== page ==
This past week has very much been ALL about patient and public engagement; where we have been, where we are and Are We There Yet? First up was listening to Carolyn Canfield's Top Ten Insights in Citizen Engagement (a Canadian perspective) during the McMaster Health Forum webinar. For those of you who don't know Carolyn, she is a pioneer in citizen engagement and patient safety, taking her tragic experience of losing her husband 8 days after surgery and redirecting that experience into deep impact around quality and safety of care in Canadian health care.
Second, was watching Julia Ableson's presentation on Patient and Pubic Engagement; Are We There Yet? Dr. Ableson is the lead for the Public and Patient Engagement Research - Practice Collaborative also through McMaster.
Third, was sitting in a board room with a fellow patient partner and one of our PhD researcher colleagues discussing supporting and building capacity in patient partners and researchers around patient orientated research.
Now I am not terribly familiar with Dr. Ableson's work, however, a few things she shared resonated. And when I went to my meeting one thing popped up in regards to patient engagement and the IAP2 (International Association of Public Participation) spectrum of engagement that has been adopted by many in the world of patient orientated research and patient engagement.
Julia actually used an older version of patient and public engagement and I didn't get a chance to ask her to share why. However, it became a focal point of my discussion later that day with my colleagues.
One of the comments my PhD researcher had was that we should focus on Involve, Collaborate or Discuss, Engage. His reasoning was that there is no way we will EVER get PhD researchers to 'give up control' in order for us to reach Level 5, or Empowerment in the work of patient engagement. It took me a few minutes to wrap my head around that and then I remembered Dr. Ableson's image of the public involvement continuum. And I began to reflect on my own lived experience as a caregiver navigating the health care system for two decades. My experience, despite the gut wrenching loss of my daughter in the end, has been, for the most part, a good experience with little conflict or confrontation with the plethora of health care providers we encountered.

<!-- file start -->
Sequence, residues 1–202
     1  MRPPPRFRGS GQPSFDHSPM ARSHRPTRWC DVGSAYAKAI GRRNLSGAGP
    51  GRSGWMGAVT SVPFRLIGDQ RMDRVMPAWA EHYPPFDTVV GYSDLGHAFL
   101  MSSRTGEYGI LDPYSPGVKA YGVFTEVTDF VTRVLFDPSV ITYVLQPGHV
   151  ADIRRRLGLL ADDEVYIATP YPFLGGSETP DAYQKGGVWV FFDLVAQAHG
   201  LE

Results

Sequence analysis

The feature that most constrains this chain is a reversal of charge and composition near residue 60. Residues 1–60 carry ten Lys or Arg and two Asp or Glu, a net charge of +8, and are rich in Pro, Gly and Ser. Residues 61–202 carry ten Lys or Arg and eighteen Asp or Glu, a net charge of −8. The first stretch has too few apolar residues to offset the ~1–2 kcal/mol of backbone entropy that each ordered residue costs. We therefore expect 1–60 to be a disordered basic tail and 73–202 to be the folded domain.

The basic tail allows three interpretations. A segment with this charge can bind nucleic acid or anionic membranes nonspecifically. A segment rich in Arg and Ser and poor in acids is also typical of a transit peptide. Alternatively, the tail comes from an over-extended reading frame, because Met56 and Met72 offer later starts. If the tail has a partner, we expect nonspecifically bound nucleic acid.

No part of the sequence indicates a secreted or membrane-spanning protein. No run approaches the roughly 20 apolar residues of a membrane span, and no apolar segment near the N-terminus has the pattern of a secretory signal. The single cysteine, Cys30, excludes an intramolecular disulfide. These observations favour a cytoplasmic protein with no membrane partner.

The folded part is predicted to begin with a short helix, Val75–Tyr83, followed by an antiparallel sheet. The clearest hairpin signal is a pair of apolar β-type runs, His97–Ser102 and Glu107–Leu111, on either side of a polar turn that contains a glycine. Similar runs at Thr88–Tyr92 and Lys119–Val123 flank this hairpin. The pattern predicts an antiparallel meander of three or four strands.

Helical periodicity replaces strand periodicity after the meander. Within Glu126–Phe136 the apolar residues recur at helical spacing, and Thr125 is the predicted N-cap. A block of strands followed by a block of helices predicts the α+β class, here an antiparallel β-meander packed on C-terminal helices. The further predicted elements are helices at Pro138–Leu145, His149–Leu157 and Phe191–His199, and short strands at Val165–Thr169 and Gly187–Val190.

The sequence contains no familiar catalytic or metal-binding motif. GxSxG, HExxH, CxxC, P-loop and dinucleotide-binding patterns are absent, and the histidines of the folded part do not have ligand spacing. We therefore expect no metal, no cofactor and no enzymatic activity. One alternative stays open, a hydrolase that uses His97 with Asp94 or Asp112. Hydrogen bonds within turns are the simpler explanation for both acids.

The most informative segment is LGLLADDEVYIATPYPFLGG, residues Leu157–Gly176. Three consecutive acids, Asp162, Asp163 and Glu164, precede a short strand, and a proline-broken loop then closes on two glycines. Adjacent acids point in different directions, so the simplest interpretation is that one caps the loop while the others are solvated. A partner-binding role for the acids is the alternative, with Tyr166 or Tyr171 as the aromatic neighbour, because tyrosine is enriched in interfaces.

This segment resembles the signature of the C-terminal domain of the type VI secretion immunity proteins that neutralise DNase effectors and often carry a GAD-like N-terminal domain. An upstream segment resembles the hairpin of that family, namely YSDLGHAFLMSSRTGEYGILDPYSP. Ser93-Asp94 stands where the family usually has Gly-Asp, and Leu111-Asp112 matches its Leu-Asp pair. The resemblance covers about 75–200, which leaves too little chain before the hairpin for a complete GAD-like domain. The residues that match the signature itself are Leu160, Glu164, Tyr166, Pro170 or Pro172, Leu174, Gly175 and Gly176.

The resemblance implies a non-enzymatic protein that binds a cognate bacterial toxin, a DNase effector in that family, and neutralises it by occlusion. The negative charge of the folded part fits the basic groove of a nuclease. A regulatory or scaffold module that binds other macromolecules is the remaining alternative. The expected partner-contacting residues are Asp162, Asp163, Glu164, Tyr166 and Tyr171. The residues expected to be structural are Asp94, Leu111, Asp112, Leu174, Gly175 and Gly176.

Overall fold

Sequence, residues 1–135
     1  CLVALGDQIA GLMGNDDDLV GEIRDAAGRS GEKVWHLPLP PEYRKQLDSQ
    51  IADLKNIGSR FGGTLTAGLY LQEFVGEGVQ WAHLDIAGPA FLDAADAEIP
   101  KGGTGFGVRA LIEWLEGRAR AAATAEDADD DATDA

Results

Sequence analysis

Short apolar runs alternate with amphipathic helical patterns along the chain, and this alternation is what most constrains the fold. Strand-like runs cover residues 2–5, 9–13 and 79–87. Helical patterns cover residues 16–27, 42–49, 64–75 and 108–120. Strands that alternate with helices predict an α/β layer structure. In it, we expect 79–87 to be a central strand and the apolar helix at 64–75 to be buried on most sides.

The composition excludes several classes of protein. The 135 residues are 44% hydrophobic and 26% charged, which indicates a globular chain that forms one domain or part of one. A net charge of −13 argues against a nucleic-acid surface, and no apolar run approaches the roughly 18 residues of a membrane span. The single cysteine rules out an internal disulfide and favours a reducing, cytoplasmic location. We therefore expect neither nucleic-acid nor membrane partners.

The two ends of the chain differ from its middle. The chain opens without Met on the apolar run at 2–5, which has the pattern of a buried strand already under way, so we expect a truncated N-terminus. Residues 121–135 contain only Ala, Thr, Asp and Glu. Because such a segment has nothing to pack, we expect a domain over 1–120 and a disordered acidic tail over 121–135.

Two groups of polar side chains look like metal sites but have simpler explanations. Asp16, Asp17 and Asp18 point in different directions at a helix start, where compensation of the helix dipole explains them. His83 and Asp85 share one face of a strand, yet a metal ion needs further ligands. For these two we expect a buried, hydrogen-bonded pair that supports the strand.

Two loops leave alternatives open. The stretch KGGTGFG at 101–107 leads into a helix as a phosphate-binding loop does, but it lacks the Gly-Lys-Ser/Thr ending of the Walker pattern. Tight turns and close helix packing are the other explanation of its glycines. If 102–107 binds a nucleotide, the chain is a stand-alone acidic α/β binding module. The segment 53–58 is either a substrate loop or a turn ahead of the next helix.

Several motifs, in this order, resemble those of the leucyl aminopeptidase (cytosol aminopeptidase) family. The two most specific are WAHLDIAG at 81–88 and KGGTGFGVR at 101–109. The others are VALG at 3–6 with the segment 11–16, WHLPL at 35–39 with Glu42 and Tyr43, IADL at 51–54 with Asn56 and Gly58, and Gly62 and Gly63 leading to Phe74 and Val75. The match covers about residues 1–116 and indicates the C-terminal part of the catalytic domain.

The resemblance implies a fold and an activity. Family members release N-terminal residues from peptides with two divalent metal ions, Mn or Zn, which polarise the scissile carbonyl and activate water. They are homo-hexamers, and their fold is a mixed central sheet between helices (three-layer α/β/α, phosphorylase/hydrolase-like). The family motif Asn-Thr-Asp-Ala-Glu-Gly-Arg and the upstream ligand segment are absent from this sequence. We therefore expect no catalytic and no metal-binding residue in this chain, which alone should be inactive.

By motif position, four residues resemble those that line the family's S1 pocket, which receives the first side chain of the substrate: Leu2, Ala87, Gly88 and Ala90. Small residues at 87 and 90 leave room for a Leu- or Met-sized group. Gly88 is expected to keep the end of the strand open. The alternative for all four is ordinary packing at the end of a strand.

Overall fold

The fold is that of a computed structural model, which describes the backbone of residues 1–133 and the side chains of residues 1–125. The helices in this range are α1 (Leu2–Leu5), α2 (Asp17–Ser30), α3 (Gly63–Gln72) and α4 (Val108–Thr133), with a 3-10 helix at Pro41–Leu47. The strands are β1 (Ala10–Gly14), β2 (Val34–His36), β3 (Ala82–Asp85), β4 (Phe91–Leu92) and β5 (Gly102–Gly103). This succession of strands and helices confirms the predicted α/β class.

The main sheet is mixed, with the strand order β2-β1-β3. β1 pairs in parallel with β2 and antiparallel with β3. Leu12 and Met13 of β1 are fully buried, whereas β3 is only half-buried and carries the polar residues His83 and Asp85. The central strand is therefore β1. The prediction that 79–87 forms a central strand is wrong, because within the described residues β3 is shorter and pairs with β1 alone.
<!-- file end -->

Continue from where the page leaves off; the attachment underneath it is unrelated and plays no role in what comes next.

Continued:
Sensing my colleagues resolve that empowerment is a 'nice to' but 'never will be' made me feel a bit deflated. But then I shared Dr. Ableson's version of public involvement and said, look at the image used of that far right level. All the balls are the same size. I challenged the notion of power and that IF power is the hurdle to empowerment then we need to redefine what empowerment means in the IAP2 model.
What I think we need to start doing and articulating is that empowerment isn't about one stakeholder having MORE power over another; ie, patient over researcher, perhaps researcher over patient. Empowerment, in its truest sense, is ALL stakeholders having equity at the table, no one group has more power. And that true empowerment in patient and public engagement is about how all of us engage and interact together for the greater good; be it research, bettering health outcomes, designing health systems, or even at the basic level...alleviating pain and symptoms of a patient or loved one.
Had I not had a true partnership with my daughter, Sophia's, health care practitioners and community support workers, I am not sure her journey would have been as 'good' as it was. And ultimately, she may have died experiencing a lot more pain and discomfort than she did.
My challenge to both patient partners and those in health care (researchers, health care leaders, patient engagement specialists) is that Level 5 or Empowerment IS possible...if we all come to the table with equity. And what we come to the table with, is less about power and more about forging partnerships.
Interestingly enough, Carolyn Canfield's presentation was symbiotic to Julia Ableson's despite both these presenters looking at patient and public engagement from two very different lens. Which kind of makes the point...
As I embark on this new iteration of my life, professionally and personally, I am committed to working towards that Level 5 of Empowerment in order to impact change. I desire to build partnerships and am keen to learn and share. I am grateful that my PhD research colleague, despite our different lens, also became excited at this redefinition of Empowerment in the work we are just beginning. And I imagine we are going to do wonderful things together...that will have lasting, meaningful impact.
Beverley Pomeroy is an awarded and highly sought after Community Engagement Strategist, Speaker, Author of Living Grief; The Profound Journey of Ongoing Loss. Beverley’s community service began with a fifteen year career in private health care working for MDS Inc (LifeLabs). This community health care role developed her acumen not only for serving people in need, but also her strength in business management and organizational renewal.